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Year : 2021  |  Volume : 2  |  Issue : 2  |  Page : 198

The forest of enchantments (Chitra Banerjee Divakaruni)

Department of Surgical Gastroenterology and Liver Transplantation, Sir Ganga Ram Hospital, New Delhi, India

Date of Submission18-Jul-2021
Date of Acceptance03-Aug-2021
Date of Web Publication30-Aug-2021

Correspondence Address:
Dr. Samrat Ray
Room No. 2222, SSRB Block, Department of Surgical Gastroenterology and Liver Transplantation, Sir Ganga Ram Hospital, New Delhi
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Source of Support: None, Conflict of Interest: None

DOI: 10.4103/JME.JME_69_21

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How to cite this article:
Ray S. The forest of enchantments (Chitra Banerjee Divakaruni). J Med Evid 2021;2:198

How to cite this URL:
Ray S. The forest of enchantments (Chitra Banerjee Divakaruni). J Med Evid [serial online] 2021 [cited 2022 Aug 10];2:198. Available from: http://www.journaljme.org/text.asp?2021/2/2/198/324972

Authors : Chitra Banerjee Divakaruni

Publisher : Harper Collins

Year of publication : 2019

Number of pages : 372

Edition : 1

The epic saga of 'Ramayana retold by Sita' is what summarises this latest masterpiece by Divakaruni. The book unfolds itself chapter by chapter taking leaps from infancy to the last leg of goddess Sita's life; from her mysterious birth (questioning her ancestry and genetic lineage in future), to her strong ideas of feminism and gender equality (way ahead of her time); from her avid interest in the unique flora and fauna (making her the magic healer of Panchal), to her special connection with the divine weapons (predicting her upcoming struggles in life way ahead in time); from her passionate and raw romance with her beloved Ram (in riches and rags), to her arduous days of longing for him as a captive in Lanka maintaining her strong solidarity and will power; from being a constant pillar of support as a perfect wife to Ram, to standing up for her dignity and keeping up the valour of the Panchal princess when being misjudged by her beloved.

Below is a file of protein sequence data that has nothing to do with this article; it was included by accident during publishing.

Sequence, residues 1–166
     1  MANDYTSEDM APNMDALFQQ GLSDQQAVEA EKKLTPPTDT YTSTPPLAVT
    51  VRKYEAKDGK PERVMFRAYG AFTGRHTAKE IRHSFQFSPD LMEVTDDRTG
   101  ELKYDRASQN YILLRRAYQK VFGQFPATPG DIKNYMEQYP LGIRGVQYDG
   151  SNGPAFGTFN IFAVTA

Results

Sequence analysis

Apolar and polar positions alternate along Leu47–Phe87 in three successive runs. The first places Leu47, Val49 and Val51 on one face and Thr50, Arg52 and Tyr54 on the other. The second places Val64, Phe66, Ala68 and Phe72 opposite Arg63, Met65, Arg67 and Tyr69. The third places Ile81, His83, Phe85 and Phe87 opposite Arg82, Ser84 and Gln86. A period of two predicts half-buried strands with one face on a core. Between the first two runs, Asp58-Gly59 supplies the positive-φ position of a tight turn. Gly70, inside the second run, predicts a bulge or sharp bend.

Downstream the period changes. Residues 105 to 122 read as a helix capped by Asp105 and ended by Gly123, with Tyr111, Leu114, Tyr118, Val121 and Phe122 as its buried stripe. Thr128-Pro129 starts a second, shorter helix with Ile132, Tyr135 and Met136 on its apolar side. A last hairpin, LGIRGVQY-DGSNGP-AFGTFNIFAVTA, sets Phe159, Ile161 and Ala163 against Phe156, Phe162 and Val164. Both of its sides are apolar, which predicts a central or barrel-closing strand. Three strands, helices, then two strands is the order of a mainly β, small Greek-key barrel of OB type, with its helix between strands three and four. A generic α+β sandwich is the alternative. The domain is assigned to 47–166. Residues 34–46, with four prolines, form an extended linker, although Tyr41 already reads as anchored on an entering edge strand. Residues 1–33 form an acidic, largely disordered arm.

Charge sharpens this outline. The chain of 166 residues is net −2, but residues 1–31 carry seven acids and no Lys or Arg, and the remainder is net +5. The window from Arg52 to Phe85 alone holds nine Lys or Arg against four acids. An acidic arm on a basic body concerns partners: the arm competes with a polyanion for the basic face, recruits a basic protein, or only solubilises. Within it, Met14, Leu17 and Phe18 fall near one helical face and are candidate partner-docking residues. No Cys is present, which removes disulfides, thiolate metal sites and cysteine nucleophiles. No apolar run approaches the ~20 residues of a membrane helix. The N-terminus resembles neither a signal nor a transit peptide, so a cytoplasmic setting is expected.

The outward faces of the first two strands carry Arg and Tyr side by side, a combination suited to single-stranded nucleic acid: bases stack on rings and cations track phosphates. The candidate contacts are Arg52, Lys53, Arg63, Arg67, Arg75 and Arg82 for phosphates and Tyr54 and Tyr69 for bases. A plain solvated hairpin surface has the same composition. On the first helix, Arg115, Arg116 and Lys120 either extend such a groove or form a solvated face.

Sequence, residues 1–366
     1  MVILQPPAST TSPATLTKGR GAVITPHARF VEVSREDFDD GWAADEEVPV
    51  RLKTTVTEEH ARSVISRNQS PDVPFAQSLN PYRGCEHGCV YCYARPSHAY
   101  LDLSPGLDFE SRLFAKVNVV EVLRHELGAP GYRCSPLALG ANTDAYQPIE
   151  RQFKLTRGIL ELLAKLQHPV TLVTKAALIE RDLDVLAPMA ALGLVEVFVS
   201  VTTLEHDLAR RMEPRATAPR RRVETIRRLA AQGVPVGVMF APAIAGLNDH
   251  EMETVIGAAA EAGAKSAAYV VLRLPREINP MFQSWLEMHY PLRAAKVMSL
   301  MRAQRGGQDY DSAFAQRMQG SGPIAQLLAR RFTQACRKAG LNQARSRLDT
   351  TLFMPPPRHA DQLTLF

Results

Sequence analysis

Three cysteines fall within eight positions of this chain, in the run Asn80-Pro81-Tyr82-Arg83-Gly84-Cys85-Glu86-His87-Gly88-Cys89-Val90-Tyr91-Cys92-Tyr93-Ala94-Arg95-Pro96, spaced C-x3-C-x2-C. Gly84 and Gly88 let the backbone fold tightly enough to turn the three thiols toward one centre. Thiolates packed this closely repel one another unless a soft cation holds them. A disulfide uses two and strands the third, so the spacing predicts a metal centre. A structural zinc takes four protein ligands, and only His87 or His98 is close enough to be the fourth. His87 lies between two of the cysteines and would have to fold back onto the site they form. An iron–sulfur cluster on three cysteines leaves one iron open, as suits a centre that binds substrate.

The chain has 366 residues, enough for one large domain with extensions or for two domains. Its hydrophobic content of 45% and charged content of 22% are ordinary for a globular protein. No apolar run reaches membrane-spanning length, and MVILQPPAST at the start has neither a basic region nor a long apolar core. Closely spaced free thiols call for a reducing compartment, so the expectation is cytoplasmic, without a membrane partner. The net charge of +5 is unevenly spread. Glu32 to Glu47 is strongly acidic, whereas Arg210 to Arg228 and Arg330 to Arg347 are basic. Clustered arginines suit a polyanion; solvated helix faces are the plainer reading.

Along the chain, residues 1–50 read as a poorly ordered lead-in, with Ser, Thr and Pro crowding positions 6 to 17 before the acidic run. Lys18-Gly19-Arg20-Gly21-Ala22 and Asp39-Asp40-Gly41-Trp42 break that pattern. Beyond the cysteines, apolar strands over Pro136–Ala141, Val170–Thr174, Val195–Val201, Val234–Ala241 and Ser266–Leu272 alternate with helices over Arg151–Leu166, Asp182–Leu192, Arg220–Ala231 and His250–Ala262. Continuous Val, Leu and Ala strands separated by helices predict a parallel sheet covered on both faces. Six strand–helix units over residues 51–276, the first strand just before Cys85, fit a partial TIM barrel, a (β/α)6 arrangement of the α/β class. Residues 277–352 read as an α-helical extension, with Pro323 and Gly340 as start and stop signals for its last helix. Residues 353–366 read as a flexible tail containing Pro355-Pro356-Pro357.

The book is a poignant retelling of Ramayana by a girl, a lover, a wife, a mother, and a warrior queen. Instead of taking the leaps in the story according to the Kands (described by Saint Valmiki), this parallel tale follows the various stages in Sita's life and narrates the Ramayana (that we already have known for years) from her point of view. As the story progresses, the reader can feel reliving the era of Aranya Kand, Sundar Kand etc., albeit from a different perspective now. The beautiful metaphor of forest and its significance in various stages of Sita's life is a revelation of something that we already knew, but perhaps never paid much attention to. The best part about the narration was subtlety in describing the various emotions of Sita (without any overdose of melodrama) and the parallel stories of the other female characters of Ramayana (Kaushalya and her longing for Dashrath's love, Urmila and her story of abandonment by her sister and husband, the mystical character of Ahalya and her story of betrayal and fidelity, the demoness Surpanakha who you would despise and sympathise at the same time and the immensely talented and beautiful Kaikeyi, the curator of all miseries in the epic blinded by the love for her son). The book takes us on a journey of different faces of a woman.

All in all, the book is a refreshing journey to revisit one of India's greatest sagas. It is indeed a much-needed break from the routine bravados of machismo and male heroic sagas to an eye-opening journey of feminism from a mythological point of view.

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There are no conflicts of interest.


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